Everything You Need To Know About
In this article, you’ll get everything you need to know about Bladder cancer.
Bladder cancer is a disease that mostly affects older people. The average age of people with bladder cancer is 73 years old. In 2019, an estimated 80,470 adults people will have bladder cancer in the US. Besides, 17,670 deaths will be due to bladder cancer. However, men are four times more likely to develop the disease when compared with women. Keep in mind that bladder cancer is the fourth most common type of cancer in men. Finally, white men are two times more likely to develop the disease when compared to black men. The 5-year survival rate of bladder cancer is 77%, meaning that 77 out of 100 people will still be alive 5 years after their diagnosis with bladder cancer.
What are the risk factors for bladder cancer?
Some risk factors increase your chances of developing bladder cancer. Risk factors are not direct causes, but they play a rather important role in the development of the disease. The following are some of the most well-established risk factors for bladder cancer:
- Tobacco smoking. The most potent risk factor for bladder cancer is tobacco smoking, raising your chances to 4 or 7 times higher. Aging. Bladder cancer is more prevalent among older people. The average age of diagnosis with bladder cancer is 73 years old.
- Sex. Bladder cancer appears four times more frequently in men than in women.
- Race/ethnicity. White men are twice as likely to develop bladder cancer than black men.
- Bladder disorders. Infections, schistosomiasis, or other conditions such as stones in the bladder, increase your risk of developing bladder cancer.
- Pioglitazone and cyclophosphamide use. Long-term use of both drugs increases your chances of bladder cancer.
- Exposure to arsenic. Arsenic is a natural substance found in the environment that can predispose you to a variety of cancer types.
- Personal history of bladder cancer. Having bladder cancer in the past increases your chances of developing it again.
- Aromatic amines. These chemicals found in the textile, print, or other industries, increase your risk for bladder cancer.
- Lynch syndrome. Lynch syndrome is an inherited condition that raises your chances of bladder cancer.
Signs and symptoms of bladder cancer
Some people with bladder cancer have no symptomatology at all. Others may present with symptoms that are general and could indicate another condition, except for cancer. Occasionally, bladder cancer appears like blood or blood clots in the urine. The urination might be painful or accompanied by a burning sensation. There might be frequent urination during the day and night. Urgency, the abrupt need to urinate and hesitancy, not being able to pass urine, might be present too. Finally, the patient might report lower back pain on one side of the body.
Most people understand that there’s something wrong after they see blood in their urine, called hematuria. Often, it is rather painless and gross hematuria, meaning the blood is visible with the naked eye. Others report their symptoms after metastasis. Spreading of the tumor to other areas in the body produces correspondent symptoms. For example, bone metastasis could produce bone pain or fracture. Likewise, spreading in the lung could appear as persistent coughing and dyspnea. The treatment of bladder cancer focuses on both treating the disease and relieving the symptoms it produces.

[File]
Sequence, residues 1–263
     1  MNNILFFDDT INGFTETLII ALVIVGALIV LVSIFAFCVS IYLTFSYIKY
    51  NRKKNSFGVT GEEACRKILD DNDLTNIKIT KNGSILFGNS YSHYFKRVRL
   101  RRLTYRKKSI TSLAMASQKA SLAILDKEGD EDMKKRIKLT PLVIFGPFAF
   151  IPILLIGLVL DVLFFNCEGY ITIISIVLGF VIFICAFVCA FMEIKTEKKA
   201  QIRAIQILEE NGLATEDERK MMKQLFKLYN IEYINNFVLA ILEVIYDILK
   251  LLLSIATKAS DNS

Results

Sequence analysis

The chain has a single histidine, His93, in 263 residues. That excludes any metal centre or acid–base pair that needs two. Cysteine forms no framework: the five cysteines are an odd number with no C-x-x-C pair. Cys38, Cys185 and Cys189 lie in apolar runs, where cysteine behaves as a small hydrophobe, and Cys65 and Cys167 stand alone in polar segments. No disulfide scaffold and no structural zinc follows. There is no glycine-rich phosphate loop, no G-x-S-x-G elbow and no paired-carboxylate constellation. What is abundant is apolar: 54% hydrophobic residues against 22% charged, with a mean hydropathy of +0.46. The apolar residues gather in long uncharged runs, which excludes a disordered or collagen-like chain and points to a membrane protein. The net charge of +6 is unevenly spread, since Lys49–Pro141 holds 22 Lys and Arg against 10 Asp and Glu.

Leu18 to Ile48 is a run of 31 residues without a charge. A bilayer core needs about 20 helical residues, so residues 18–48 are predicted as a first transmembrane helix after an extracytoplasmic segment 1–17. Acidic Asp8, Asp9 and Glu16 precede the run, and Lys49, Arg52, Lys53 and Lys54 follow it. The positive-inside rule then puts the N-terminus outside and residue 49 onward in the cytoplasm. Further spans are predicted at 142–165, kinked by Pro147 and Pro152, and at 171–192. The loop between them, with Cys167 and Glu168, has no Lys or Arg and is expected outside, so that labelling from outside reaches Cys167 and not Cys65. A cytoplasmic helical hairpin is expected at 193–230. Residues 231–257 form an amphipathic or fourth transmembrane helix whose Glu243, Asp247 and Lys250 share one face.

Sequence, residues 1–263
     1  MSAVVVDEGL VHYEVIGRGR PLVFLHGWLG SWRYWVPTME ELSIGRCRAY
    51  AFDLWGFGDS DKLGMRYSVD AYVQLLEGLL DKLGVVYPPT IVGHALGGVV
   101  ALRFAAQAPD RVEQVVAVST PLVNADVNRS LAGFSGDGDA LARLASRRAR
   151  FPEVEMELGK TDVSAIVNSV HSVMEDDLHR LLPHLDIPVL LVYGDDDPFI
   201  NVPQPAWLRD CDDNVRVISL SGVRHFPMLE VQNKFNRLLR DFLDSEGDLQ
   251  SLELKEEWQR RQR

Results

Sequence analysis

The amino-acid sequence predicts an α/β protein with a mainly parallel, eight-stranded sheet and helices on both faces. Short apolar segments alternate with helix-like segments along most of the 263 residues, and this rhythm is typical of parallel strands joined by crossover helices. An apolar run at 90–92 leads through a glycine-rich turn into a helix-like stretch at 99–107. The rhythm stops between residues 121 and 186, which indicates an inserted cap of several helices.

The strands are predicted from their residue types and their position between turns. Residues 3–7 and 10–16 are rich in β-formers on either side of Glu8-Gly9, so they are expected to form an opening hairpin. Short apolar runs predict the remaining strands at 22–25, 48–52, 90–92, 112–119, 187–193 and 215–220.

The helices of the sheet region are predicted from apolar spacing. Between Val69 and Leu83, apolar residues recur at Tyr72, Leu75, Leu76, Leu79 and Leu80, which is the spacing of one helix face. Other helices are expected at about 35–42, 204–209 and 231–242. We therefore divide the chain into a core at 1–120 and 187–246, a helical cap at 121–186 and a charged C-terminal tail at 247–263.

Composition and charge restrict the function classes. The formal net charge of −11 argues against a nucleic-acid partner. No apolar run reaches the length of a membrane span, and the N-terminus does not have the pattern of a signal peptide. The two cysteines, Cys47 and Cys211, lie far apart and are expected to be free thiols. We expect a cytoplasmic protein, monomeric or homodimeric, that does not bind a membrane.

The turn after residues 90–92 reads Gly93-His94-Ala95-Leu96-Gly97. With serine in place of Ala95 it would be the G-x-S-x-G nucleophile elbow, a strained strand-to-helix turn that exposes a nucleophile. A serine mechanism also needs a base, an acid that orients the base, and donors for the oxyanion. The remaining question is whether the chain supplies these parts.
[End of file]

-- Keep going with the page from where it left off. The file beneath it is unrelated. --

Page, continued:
How to diagnose bladder cancer?
If your doctor suspects bladder cancer, you might have to undergo some more specific tests except for physical examination and history. To diagnose bladder cancer, your doctor might need to examine your urine and order a cytology test. This intervention will show whether you have tumor cells in your urine or not. The number one procedure for bladder cancer is cystoscopy. Through cystoscopy, your doctor can see inside your bladder through a tube inserted from the opening of your urethra. According to the results, you might need a biopsy or transurethral resection of bladder tumor (TURBT). URBT will also establish the type of the tumor, its extent, and any other relevant information.
To establish the spread of cancer and help determine its stage, you might need to undergo some imaging tests. These are computed tomography (CT), magnetic resonance imaging (MRI), positron emission tomography (PET), and ultrasound. With the assistance of all those interventions, your physician will describe your cancer through staging and grading. The former refers to the spread of the tumor, whereas the latter expresses the possibility of cancer to recur.
Bladder cancer treatment options
To treat bladder cancer, you have to choose between oral medical treatments and surgery. Chemotherapy, immunotherapy, and targeted therapy are options for oral treatment. You can combine two of them at the same time or combine one with another method. Surgery includes transurethral bladder tumor resection (TURBT), radical cystectomy and lymph node dissection, and urinary diversion. The first involves a tube through your urethra and with which your doctor removes the tumor. The second one is the removal of your whole bladder. Finally, the third one involves the removal of your bladder with the creation of a new pathway to pass urine.
How can you prevent bladder cancer?
To prevent bladder cancer, you need to modify your lifestyle. Quitting smoking is the first step to lower your chances of developing the disease. Besides, avoiding chemicals and drinking plenty of water will also decrease your chances of getting bladder cancer. Keep in mind that early diagnosed bladder cancer is treatable. Therefore, do not hesitate to talk to your doctor if you have a personal history of bladder cancer. In that case, screening might be life-saving.